Following the break-up of ELP, Greg Lake set to work on his first solo album. Greg Lake was released on September 25 1981. It reached no. 62 on both the UK and Billboard album charts. It was followed by a second solo album, Manoeuvres, in 1983.

Greg Lake briefly performed with Asia before forming Emerson, Lake & Powell with Keith Emerson and drummer Cozy Powell, formerly of The Jeff Beck Group and Rainbow. Emerson, Lake & Powell only released one, self-titled studio album in 1986.

In 1991 Emerson, Lake & Palmer reformed. They released two more albums: Black Moon in 1992 and In the Hot Seat in 1994. They continued to tour until 1996. Disagreements over a new album led to ELP to break up once again.

Greg Lake toured with  Ringo Starr & His All-Starr Band in 2001. He played bass on The Who's song "Real Good Looking Boy" in 2003. In 2005 he toured with the Greg Lake Band and in 2006 as part of The RD Crusaders. He was a special guest of the Trans-Siberian Orchestra on their 2009 album Night Castle, and played "Karn Evil 9" at several of their shows.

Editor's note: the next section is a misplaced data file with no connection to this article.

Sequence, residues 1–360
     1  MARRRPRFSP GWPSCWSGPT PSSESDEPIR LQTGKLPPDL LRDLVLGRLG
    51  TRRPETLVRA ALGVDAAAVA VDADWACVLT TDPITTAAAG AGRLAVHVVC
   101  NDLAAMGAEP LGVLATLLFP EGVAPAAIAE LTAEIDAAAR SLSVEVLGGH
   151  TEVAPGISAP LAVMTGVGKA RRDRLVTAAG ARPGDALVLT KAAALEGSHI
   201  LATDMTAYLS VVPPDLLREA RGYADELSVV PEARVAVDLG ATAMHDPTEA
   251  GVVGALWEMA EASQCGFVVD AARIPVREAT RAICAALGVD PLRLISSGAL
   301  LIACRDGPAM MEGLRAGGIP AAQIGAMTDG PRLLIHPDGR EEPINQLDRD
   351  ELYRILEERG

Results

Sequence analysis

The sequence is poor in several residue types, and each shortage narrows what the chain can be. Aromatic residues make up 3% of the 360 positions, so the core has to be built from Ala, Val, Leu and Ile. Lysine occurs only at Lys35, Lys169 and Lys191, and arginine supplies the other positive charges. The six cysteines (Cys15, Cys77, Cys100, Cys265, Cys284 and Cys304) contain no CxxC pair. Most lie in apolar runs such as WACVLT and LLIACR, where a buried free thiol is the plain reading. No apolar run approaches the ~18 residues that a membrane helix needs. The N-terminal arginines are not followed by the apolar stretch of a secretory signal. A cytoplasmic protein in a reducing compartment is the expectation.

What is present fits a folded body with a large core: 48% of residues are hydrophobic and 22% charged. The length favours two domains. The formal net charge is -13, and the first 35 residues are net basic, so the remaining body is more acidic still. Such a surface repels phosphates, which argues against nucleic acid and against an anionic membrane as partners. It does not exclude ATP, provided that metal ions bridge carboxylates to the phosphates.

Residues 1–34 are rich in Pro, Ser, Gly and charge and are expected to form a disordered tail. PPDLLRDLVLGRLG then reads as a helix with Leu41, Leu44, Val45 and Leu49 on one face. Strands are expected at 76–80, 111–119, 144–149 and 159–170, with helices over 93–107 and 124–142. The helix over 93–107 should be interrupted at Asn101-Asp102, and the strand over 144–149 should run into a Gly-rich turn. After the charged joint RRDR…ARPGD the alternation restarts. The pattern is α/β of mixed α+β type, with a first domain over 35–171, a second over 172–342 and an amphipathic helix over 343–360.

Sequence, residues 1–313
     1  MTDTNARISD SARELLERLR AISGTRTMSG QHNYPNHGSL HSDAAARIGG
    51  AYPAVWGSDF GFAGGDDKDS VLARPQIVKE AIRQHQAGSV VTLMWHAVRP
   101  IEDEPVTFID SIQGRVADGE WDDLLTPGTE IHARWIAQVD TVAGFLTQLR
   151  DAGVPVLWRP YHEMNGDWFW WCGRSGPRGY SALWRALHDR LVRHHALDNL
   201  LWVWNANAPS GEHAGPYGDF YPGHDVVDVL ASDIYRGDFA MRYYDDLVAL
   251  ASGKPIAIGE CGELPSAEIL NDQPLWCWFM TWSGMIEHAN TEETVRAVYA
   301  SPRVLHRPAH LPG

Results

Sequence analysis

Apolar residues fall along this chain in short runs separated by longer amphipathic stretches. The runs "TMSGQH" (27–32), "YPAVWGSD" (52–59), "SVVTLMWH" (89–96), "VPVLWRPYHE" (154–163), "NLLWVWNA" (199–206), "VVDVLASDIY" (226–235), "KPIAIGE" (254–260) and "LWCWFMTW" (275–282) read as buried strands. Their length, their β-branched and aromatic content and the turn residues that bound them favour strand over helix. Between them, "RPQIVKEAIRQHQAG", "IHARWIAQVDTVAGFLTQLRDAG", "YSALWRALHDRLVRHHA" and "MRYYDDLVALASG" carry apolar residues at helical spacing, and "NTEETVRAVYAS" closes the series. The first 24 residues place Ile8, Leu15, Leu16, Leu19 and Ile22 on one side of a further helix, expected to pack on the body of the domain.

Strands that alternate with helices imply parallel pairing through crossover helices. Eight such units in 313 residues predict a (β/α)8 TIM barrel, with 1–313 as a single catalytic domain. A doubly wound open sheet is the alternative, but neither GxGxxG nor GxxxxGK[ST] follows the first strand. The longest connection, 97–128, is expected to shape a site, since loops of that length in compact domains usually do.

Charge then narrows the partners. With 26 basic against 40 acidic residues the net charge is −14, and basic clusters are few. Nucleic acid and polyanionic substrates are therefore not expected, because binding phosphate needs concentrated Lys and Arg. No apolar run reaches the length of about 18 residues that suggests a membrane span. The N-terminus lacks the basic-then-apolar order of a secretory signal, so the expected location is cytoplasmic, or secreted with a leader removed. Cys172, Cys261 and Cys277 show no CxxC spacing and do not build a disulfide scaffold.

In 2010 Greg Lake toured with Keith Emerson. On July 25 2010 there was a one-off reunion of ELP at the High Voltage Festival in Victoria Park, East London. Their concert at the festival was released on DVD as Welcome Back My Friends. 40th Anniversary Reunion Concert. High Voltage Festival – 25 July 2010 in 2011. Greg Lake continued to tour in the Teens. In 2015 he released the album Ride the Tiger with keyboardist Geoff Downes.

Greg Lake was one of the best known performers of progressive rock, even though he did not care for the "progressive" label himself (he thought it sounded too elitist). He was certainly one of the sub-genre's best songwriters. Much of ELP's work was either written entirely by Greg Lake or at least written in part by him. Such songs as "Lucky Man", "From the Beginning", and "Karn Evil 9" became among the band's most recognisable works. "I Believe in Father Christmas" has become a Yuletide standard. While there have been those who have criticised Emerson, Lake & Palmer as demonstrating the worst of progressive rock's excesses, there can be no denying the band's success. What is more there can be no denying Greg Lake's talent as a musician. He was a virtuoso on the bass and also played guitar very well. With Greg Lake's death, an era has truly ended.

No comments: